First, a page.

Leslie Whited didn't think that it was too much to ask that her daughter be allowed to attend elementary school only a few blocks away from home instead of taking a forty-minute bus ride to another school. After all, Whited had a medical excuse--her own serious head injury--for wanting her daughter nearby, and the principals of the two schools have agreed.
But Denver Public School officials haven't.
Whited is still wrangling with administrators, who turned her down flat but recently have asked her to send more medical information. That's information she can readily provide.
In May 1990, Whited was the passenger in a Camaro convertible that spun out of control on Lookout Mountain. The car did a front-end roll, coming to a stop seventy feet later, upside down with Whited pinned underneath.
Whited was lucky to be alive, but her brain received a tear. Recovery was slow. Sometimes the pain wouldn't allow her out of bed for days. In the ensuing months, she had to learn to walk and read again.
It was a confusing world. A telephone ringing could break her concentration to the point that she might forget entirely what she had been doing. If more than one person spoke at a time, she could not understand the words--it was all just noise. There was no way she could return to her former job as a bar manager. It had taken her years to get the job, and the long hours, she says, had cost her a marriage. Now, her doctor was telling her that she might be able to work two or three hours a day--at most.
She was constantly fatigued and often forgetful. "And what was I supposed to do today?" she asked in a book (The Regional Family Guide to Traumatic Brain Injury) she compiled in 1991 as part of her therapy. "Oh yes, get my five-year-old daughter up, dressed and breakfast. School, you say? Oops! I knew there was something else! Thank goodness her school is one block away. Well, today we are only ten minutes late."
Her daughter, Amanda, had to grow up faster than many of her peers. She had to get herself up and dressed for school at University Park Elementary if she was going to get there on time...or at all. She took responsibility for getting her schoolwork done, as well as reminding her mother about appointments and important dates.
Whited returned to an old ambition to be a graphic artist and slowly built a customer base that now includes US West Communications and Paramount Pictures. She worked mostly out of her home and did her cognitive work--tasks requiring judgment and information processing--in the mornings when she was fresh, and her "idiot work," such as photocopying, in the afternoons. She relied on daycare providers and therapists near her home and was grateful that Amanda's school was nearby.
Whited can drive if she has to, and she runs her own business--which she concedes could make the average person wonder why she needs an exception.
"The brain is like a battery," she explains. "Each day there is only so much juice. It is everything I can do to have enough `juice' just to take care of myself. Anything extra, any stress or strain, hurts. There are still days when I cannot get up and out of bed."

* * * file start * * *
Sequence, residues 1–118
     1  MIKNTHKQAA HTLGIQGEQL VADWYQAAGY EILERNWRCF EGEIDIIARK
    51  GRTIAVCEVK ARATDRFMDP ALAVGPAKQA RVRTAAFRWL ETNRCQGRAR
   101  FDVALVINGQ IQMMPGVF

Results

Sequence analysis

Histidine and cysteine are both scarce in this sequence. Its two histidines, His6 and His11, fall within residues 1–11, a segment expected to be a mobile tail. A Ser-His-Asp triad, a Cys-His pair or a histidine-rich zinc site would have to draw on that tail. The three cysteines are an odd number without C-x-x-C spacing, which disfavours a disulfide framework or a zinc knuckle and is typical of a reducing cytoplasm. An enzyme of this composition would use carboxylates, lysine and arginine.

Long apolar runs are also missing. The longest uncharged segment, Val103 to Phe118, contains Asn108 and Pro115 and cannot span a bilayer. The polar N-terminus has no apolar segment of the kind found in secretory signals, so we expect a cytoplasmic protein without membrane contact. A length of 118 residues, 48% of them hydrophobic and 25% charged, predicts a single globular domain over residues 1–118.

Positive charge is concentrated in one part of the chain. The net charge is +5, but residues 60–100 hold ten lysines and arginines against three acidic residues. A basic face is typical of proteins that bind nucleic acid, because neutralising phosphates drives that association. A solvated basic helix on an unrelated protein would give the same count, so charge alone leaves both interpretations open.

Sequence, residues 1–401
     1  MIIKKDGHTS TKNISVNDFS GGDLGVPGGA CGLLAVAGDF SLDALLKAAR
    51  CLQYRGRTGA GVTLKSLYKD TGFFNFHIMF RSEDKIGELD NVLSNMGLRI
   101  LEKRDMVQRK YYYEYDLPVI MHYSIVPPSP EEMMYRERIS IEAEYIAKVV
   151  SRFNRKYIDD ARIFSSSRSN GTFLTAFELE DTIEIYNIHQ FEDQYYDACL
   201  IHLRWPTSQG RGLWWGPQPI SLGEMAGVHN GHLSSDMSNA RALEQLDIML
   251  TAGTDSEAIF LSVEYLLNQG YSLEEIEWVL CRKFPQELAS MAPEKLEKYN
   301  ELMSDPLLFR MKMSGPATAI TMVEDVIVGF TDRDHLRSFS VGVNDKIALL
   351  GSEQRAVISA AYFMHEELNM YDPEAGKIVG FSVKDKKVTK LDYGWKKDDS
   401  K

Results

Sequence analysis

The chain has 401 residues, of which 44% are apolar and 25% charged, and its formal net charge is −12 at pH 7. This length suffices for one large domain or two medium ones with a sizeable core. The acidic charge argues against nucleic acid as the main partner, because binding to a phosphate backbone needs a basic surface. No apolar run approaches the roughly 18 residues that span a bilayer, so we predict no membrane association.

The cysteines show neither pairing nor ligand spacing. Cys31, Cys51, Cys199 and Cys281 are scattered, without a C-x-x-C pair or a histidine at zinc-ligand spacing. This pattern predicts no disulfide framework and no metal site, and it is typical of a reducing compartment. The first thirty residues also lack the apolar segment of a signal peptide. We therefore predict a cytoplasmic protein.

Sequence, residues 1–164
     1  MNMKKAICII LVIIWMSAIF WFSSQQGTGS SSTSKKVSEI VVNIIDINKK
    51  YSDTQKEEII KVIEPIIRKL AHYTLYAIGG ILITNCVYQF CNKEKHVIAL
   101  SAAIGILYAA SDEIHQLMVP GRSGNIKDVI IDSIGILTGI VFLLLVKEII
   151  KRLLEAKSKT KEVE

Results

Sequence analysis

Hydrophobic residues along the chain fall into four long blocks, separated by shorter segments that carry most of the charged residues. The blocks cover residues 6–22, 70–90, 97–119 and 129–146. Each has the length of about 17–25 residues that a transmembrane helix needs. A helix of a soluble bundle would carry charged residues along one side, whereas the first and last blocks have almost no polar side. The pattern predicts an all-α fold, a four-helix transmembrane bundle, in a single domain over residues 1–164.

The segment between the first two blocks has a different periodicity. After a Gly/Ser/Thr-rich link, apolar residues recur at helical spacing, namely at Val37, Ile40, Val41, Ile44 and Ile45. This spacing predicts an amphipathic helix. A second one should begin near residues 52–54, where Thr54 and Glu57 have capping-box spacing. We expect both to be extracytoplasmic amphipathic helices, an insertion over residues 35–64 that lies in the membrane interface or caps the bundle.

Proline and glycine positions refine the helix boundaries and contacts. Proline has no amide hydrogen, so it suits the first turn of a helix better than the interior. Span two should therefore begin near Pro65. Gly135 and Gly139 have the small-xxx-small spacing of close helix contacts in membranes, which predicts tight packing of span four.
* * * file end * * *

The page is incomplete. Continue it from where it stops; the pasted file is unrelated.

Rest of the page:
University Park was so close that Whited could participate in her daughter's education--attending such things as school plays and parent-teacher conferences. But University Park goes only through the second grade, after which many of the pupils are bused to Columbine Elementary on 29th Avenue near City Park, a forty-minute bus ride.
When Amanda entered the second grade, Whited wasn't concerned about the busing, believing that her daughter instead could attend Cory Elementary, less than four blocks from their home. She thought Amanda eventually would be able to ride her bicycle to school.
But in May, Amanda brought home a notice that she was to be bused to Columbine this fall. Alarmed, Whited called University Park and was told that there was nothing she could do. The busing, the principal said, was mandated by a 25-year-old DPS desegregation plan that had been under federal court oversight since 1987. (A trial is slated for August 22 to determine if federal oversight should continue.)
Whited says she met with the Columbine principal to explain her medical problems, and the principal agreed to a transfer. She then made an appointment with the Cory principal; he, too, approved the transfer. All she needed was final approval from DPS administrators.
"I thought that I was home free," Whited says. She wrote to DPS explaining her reasons for the transfer to Cory, which she included with the approved transfer paperwork from the principals. But two weeks later she received bad news from DPS.
"The transfer request for Amanda J. Whited from Columbine to Cory has been investigated, and I regret to inform you that the request is denied," wrote Wayne D. Eckerling of the school system's Department of Planning, Research, and Program Evaluation. "The reasons stated in the transfer application are not of the type or degree that would warrant an exception..."
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Repeated telephone calls to DPS over a two-week period went unanswered, Whited says. (DPS officials haven't returned Westword's calls.) Finally she reached Eckerling, who, she says, told her to mail any mitigating medical information. Neuropsychologist Richard Cook of the Colorado Center for Neurological Rehabilitation wrote a supportive letter citing Whited's "significant cognitive difficulties and poor stress management" resulting from her injury.
Her request is still in limbo, but at least DPS administrators now have asked her to send in additional medical information. The district's response puzzles Whited.
"If that's what they want," she says, "why did they first deny my request? This was a medical transfer. Both principals approved. There was no reason for DPS to get involved.